Analysts all over the net(TamsPalm included) were buzzing about the “Linux for Palm OS PDA” ports at www.hackndev.com and other sites. Now, I decided to do the practical test on a Palm Tungsten T3 – let’s see how the free OS looks currently.
First of all. w00t! to the developers! I would have never managed to create something that would have managed to boot up a machine as complex as a Tungsten T3 – what they accomplished without any help from Palm is incredible! However, for the rest of the review, I’ll compare Linux to Palm OS fairly and ask for your understanding that Linux will not get baby treatment…
Just to put that clear – THIS IS NOT ALP! This is a Linux port by indie developers who managed to “hack” themselves into the Palm OS handheld’s hardware in their spare time, without support from Palm Inc!
Getting Linux to run was simpler than before – now, there is no more need for a web server and other thingies. All you need to do is sync Garux(the Linux bootloader for Palm OS) to your PDA and install two files(about 15 Megabytes) to your SD card. The files needed are available from SourceForge and hackndev; I used the following files:
Put into /Palm/Launcher:
A card access tool like Softick Card Export can be very helpful if you don’t have a dedicated card reader. After that, you can start Garux from your memory card. The program will show you a list of options, I fared pretty well with the defaults altough our local Linux Nut Alexander Panek changed the init parameter to /linux2ram once or twice. Clicking Start Linux will wipe the Palm OS from your RAM, the only way to get it back is a hard reset.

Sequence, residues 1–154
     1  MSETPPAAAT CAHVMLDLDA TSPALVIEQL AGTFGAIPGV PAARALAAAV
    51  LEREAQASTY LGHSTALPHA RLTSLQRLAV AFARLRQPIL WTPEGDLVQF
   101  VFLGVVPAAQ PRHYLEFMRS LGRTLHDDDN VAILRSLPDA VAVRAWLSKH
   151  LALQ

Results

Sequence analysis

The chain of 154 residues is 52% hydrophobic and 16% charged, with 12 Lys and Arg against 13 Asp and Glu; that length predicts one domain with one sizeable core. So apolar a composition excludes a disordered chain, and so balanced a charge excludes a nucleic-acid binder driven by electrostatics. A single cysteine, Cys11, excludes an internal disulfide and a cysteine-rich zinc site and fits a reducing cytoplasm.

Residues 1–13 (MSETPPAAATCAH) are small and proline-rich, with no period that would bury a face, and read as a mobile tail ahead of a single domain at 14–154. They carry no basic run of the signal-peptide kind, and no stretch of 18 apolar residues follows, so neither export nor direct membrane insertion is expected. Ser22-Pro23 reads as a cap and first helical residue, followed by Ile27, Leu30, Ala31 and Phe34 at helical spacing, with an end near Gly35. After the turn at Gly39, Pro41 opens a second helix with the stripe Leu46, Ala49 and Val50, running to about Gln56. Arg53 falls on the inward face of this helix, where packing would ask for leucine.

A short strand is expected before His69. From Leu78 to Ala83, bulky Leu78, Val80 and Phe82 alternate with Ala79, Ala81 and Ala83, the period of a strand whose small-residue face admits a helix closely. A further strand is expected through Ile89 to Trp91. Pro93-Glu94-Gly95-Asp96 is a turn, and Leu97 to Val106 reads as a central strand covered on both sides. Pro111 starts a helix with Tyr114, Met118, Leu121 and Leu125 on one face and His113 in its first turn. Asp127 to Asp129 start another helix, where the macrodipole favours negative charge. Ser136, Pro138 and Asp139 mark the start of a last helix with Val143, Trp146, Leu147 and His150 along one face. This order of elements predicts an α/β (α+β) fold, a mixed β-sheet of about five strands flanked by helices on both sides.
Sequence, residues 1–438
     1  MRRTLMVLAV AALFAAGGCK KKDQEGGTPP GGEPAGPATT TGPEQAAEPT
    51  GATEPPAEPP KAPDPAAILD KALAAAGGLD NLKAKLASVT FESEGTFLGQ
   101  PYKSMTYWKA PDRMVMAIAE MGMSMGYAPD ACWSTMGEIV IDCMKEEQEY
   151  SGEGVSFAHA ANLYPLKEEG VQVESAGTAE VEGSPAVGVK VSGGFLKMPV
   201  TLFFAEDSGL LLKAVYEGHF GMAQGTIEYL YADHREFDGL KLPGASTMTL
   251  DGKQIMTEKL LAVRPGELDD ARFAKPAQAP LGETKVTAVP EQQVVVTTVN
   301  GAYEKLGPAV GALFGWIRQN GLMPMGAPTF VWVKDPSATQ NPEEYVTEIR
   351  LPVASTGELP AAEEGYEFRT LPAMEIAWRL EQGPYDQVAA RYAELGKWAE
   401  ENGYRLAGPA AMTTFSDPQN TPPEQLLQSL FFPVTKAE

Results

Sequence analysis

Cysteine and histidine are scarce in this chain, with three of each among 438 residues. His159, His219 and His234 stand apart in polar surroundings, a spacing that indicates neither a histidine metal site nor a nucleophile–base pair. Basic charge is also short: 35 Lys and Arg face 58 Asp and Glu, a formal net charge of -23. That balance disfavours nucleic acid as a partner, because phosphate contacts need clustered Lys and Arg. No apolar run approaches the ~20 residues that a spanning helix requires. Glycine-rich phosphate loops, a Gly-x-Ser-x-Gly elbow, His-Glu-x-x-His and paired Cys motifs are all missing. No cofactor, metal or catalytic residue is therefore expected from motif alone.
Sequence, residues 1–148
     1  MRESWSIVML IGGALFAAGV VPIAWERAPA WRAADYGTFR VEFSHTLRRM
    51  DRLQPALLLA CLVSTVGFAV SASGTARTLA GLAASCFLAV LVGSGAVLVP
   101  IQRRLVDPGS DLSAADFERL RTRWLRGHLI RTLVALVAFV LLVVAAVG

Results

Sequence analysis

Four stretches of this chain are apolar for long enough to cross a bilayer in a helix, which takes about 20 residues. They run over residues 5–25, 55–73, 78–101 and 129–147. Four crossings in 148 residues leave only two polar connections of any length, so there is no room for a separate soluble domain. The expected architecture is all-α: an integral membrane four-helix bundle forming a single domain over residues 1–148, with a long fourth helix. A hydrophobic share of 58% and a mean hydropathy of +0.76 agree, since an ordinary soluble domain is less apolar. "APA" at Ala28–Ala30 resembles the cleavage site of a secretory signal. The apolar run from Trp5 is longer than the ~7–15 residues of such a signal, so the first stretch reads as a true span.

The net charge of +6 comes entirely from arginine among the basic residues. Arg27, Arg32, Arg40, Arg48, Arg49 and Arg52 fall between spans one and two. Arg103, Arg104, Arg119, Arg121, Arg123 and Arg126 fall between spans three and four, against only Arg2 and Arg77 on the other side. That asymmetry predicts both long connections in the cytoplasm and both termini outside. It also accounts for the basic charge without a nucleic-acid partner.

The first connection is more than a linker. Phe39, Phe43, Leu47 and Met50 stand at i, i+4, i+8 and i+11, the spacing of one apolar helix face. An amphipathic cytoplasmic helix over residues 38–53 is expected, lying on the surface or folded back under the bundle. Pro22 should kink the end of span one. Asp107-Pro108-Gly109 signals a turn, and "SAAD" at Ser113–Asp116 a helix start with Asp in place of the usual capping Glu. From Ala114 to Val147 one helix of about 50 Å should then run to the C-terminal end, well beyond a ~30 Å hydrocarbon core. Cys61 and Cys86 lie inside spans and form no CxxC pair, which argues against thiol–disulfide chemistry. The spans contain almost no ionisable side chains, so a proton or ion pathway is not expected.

After a few seconds, Garux will ask you to choose your boot source. Press the To Do button and afterwards the Calendar button to boot from SD card:
In most cases(95% of the time on my T3 with a 1GB HP SD card), the bootloader will show error messages like the ones below and will die – in that case, hardreset, change the initrd parameter and try again. It will eventually work(a full battery increases your odds):
If the bootup process works(congratz, you are lucky), GPE will ask you for a few configuration settings like default user name. Interestingly, the calibration uses 4 points instead of the two the Palm OS uses:
After completing all the steps, GPE will be ready to “run”. OK, Bluetooth, Sound, the slider, charging LED, battery status indicator and the power off button aren’t supported yet; but the touchscreen and memory subsystems are no problem. This 3gp video shows GPE in ‘action’.
The GPE system is rather similar to the Palm OS-this 3GP video shows the launcher and “task bar” in action. The status bar at the bottom of the screen is miore feature-rich than the Palm OS one, you can add loads of so-called Panels to show different aspects of the system.
However, GPE is mind-boggingly slow when launching applications. My old vintage Palm IIIc beats the Tungsten T3 by far, and launching a few apps at the same time(like 10 or so) totally kills the operating system. This 3gp video shows a little “speed benchmark”.
Overall, kudos to the Hackndev folks for creating a port of Linux that runs on the T3. Indeed, applications start and the touchscreen works – but that is about it. The operating system gets mind bogglingly slow when you launch more than one application at the same time and is generally rather slow. The lack of many features and the difficulties at powerup just add to the picture: a great product with loads of future potential, but it can’t compete with the Palm OS yet!
P.s. If soneone has an email address of the developer, please give it to me(post it here). I really really want to talk to him to explain the review more and give him my “bug list”.